Biochip Measures Glucose in Saliva, Not Blood
PROVIDENCE, R.I., Jan. 24, 2012 — A new sensor that can check blood sugar levels by measuring glucose concentrations in saliva could mean that diabetics no longer have to draw their own blood.
For the 26 million Americans with diabetes, drawing blood, which is invasive and at least minimally painful, is the most prevalent method of checking glucose levels. Now researchers at Brown University are working on a new biological device that can check glucose in saliva instead.
The new technique combines nanotechnology and surface plasmonics. The Brown engineers etched thousands of plasmonic interferometers onto a fingernail-size biochip and measured the concentration of glucose molecules in water on the chip. Their results showed that the specially designed biochip can detect glucose levels similar to those found in human saliva. Glucose typically is about 100 times less concentrated in human saliva than in blood.
Each plasmonic interferometer — thousands of them per square millimeter — consists of a slit flanked by two grooves etched in a silver metal film. The schematic shows glucose molecules “dancing” on the sensor surface, illuminated by light with different colors. Changes in light intensity transmitted through the slit of each plasmonic interferometer yield information about the concentration of glucose molecules in solution. (Image: Domenico Pacifici)
The technique also could be used to detect chemicals and substances such as anthrax in biological compounds.
The researchers created the sensor by carving a 100-nm-wide slit and etching two 200-nm-wide grooves on either side. The slit captures incoming photons and confines them, while the grooves scatter the incoming photons, which interact with the free electrons bounding around on the sensor’s metal surface. The free electron-photon interactions create a surface plasmon polariton. These surface plasmon waves move along the sensor’s surface until they encounter the photons in the slit.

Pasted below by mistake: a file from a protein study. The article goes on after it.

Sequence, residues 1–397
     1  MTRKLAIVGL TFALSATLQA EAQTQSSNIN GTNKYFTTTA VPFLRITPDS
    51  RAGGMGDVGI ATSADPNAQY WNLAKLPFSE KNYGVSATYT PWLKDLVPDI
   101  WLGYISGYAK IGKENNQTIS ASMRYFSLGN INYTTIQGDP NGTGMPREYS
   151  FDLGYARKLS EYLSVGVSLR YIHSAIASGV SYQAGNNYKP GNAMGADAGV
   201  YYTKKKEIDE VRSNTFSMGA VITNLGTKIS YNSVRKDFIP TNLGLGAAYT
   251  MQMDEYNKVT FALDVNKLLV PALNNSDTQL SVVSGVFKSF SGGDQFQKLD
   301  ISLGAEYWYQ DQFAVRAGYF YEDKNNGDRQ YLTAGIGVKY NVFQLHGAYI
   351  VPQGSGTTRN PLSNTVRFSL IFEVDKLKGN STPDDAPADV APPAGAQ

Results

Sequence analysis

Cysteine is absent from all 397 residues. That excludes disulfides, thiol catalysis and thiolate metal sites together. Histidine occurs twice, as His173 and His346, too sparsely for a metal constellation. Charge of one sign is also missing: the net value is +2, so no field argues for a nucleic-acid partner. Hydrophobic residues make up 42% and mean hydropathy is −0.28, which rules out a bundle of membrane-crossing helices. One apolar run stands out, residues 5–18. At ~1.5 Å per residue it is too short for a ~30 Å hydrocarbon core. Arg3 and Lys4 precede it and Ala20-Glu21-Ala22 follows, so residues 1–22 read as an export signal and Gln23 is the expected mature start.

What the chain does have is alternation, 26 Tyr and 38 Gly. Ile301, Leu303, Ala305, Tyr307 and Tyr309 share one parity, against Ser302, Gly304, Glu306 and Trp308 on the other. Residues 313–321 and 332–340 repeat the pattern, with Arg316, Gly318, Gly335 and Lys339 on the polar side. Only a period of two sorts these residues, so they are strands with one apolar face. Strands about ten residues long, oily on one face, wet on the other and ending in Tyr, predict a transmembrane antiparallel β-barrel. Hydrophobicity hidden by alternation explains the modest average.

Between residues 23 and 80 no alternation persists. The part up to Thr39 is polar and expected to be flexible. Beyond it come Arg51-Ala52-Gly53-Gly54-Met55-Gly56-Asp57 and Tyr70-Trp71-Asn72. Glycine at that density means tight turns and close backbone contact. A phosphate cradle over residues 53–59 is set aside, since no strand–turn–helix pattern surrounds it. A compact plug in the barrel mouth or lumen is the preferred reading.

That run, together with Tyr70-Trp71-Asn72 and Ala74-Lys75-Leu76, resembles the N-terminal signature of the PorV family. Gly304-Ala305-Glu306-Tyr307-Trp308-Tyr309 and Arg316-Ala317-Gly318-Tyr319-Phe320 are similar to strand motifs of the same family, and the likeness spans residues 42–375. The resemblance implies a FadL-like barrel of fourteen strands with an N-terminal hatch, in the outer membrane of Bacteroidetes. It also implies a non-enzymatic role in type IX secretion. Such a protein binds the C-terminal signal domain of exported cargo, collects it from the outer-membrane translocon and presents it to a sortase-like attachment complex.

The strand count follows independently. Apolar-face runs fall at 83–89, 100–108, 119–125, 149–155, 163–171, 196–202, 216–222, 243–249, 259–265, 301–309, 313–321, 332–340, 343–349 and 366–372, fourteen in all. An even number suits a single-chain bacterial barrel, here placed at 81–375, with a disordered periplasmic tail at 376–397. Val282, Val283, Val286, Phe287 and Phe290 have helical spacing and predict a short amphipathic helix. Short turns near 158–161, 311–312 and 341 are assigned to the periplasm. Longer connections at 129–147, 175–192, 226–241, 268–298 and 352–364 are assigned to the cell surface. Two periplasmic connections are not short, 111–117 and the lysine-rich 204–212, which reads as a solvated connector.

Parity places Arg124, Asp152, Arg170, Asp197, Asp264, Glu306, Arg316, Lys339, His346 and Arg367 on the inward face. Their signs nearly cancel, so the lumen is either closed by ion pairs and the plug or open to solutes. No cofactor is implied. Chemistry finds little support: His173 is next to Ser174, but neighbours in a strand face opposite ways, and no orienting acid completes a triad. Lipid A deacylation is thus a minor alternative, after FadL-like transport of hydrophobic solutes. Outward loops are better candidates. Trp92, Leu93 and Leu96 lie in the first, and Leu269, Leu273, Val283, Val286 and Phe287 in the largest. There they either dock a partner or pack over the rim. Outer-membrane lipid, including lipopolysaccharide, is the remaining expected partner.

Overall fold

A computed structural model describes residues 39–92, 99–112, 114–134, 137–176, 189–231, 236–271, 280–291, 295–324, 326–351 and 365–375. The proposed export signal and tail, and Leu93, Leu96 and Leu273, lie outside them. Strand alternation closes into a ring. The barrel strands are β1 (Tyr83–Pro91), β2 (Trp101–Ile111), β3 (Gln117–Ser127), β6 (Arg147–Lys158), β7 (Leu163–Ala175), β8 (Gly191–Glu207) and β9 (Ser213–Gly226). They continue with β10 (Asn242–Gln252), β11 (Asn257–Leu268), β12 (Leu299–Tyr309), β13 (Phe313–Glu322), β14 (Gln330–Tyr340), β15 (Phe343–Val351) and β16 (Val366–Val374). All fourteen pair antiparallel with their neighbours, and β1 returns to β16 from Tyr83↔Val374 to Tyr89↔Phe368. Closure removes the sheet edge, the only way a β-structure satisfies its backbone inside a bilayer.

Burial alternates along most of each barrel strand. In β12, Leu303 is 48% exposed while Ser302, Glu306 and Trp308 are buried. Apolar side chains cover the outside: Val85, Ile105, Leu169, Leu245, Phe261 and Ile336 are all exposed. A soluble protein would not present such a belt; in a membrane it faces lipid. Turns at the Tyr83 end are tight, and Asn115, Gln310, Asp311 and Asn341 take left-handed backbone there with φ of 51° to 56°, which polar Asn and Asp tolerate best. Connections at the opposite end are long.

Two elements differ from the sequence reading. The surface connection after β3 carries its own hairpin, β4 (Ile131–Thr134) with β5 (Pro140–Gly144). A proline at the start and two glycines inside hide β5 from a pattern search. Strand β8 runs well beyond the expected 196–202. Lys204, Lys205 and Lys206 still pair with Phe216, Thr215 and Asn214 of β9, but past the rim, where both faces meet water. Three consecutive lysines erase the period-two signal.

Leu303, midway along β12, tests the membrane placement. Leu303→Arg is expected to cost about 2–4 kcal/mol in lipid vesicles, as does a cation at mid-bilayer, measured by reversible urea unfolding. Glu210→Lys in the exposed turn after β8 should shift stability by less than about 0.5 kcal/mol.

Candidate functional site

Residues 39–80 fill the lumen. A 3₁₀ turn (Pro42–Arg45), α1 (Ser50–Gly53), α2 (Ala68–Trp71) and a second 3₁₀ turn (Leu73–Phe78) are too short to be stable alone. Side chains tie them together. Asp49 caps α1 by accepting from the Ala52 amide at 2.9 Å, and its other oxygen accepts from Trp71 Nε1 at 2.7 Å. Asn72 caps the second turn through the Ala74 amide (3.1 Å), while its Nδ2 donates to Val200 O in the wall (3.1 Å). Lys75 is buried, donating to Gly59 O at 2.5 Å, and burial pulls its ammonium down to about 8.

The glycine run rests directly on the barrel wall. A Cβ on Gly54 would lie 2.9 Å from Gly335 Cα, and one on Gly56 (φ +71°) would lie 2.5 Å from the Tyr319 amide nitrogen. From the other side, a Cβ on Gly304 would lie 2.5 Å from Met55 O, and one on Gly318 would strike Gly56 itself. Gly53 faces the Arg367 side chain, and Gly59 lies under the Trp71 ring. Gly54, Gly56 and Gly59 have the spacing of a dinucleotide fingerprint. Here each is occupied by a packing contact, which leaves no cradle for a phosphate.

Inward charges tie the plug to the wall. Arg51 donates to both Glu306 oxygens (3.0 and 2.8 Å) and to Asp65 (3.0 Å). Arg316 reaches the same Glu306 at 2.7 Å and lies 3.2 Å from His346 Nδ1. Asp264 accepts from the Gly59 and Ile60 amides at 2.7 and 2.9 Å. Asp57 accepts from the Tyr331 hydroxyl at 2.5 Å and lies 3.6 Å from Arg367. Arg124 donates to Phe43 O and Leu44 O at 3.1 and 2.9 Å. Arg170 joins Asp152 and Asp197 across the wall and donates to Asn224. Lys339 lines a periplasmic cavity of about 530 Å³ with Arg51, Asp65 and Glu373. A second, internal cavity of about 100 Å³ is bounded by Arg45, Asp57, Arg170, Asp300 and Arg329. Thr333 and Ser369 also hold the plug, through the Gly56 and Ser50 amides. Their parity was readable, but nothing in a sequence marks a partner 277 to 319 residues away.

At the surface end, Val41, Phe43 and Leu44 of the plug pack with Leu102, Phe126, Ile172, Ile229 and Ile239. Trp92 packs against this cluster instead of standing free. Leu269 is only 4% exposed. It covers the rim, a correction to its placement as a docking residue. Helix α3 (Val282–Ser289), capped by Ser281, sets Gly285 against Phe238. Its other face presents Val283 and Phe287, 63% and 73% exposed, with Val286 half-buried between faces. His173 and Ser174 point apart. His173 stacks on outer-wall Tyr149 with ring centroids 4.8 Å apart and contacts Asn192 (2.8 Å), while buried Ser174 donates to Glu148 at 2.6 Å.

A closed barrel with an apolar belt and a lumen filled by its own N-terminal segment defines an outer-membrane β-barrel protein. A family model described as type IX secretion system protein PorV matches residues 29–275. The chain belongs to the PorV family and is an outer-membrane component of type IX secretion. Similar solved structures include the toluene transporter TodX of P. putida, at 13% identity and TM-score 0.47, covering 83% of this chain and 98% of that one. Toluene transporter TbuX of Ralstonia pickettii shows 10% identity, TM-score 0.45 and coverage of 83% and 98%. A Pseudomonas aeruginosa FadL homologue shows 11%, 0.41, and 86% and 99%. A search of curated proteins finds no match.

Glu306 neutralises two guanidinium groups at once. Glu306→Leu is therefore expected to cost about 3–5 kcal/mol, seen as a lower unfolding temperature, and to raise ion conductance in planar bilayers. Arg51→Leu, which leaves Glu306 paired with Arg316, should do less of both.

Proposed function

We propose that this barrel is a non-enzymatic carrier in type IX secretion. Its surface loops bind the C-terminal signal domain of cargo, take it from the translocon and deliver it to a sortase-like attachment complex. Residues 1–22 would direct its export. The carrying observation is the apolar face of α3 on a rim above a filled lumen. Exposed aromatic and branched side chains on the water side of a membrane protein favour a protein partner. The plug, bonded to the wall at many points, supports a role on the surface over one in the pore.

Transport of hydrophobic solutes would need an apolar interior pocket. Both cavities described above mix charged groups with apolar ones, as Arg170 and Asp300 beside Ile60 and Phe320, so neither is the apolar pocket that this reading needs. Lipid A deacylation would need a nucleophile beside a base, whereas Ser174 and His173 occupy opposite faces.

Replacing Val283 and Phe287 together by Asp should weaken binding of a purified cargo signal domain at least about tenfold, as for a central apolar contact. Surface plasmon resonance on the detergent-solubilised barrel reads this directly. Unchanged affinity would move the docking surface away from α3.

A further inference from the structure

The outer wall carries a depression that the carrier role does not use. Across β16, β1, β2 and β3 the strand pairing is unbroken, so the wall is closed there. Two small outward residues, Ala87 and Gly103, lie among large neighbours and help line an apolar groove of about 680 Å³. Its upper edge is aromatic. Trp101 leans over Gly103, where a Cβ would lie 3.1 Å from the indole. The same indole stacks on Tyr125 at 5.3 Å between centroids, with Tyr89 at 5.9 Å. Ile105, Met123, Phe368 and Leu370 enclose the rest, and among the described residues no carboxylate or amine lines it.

The interference between the two waves determines maxima and minima in the light intensity transmitted through the slit. The presence of an analyte on the sensor surface generates a change in the relative phase difference between the two surface plasmon waves, which in turn causes a change in light intensity, measured by the researchers in real time.
“The slit is acting as a mixer for the three beams – the incident light and the surface plasmon waves,” said Domenico Pacifici, assistant professor of engineering.
The scientists discovered they could vary the phase shift for an interferometer by changing the distance between the grooves and the slit, meaning that they can tune the wave-generated interference. They tuned thousands of interferometers to establish baselines, which then could be used to accurately measure concentrations of glucose in water as low as 0.36 mg/dl.
“It could be possible to use these biochips to carry out the screening of multiple biomarkers for individual patients, all at once and in parallel, with unprecedented sensitivity,” Pacifici said.
The engineers next plan to build sensors tailored for glucose and other substances.
The research was published in Nano Letters and was funded by the National Science Foundation and Brown (through a Richard B. Salomon Faculty Research Award).
For more information, visit: www.brown.edu
- An instrument that employs the interference of lightwaves to measure the accuracy of optical surfaces; it can measure a length in terms of the length of a wave of light by using interference phenomena based on the wave characteristics of light. Interferometers are used extensively for testing optical elements during manufacture. Typical designs include the Michelson, Twyman-Green and Fizeau interferometers.
The basic interferometer components are a light source, a beamsplitter, a reference...
- The use of atoms, molecules and molecular-scale structures to enhance existing technology and develop new materials and devices. The goal of this technology is to manipulate atomic and molecular particles to create devices that are thousands of times smaller and faster than those of the current microtechnologies.
- 1. A generic term for detector. 2. A complete optical/mechanical/electronic system that contains some form of radiation detector.
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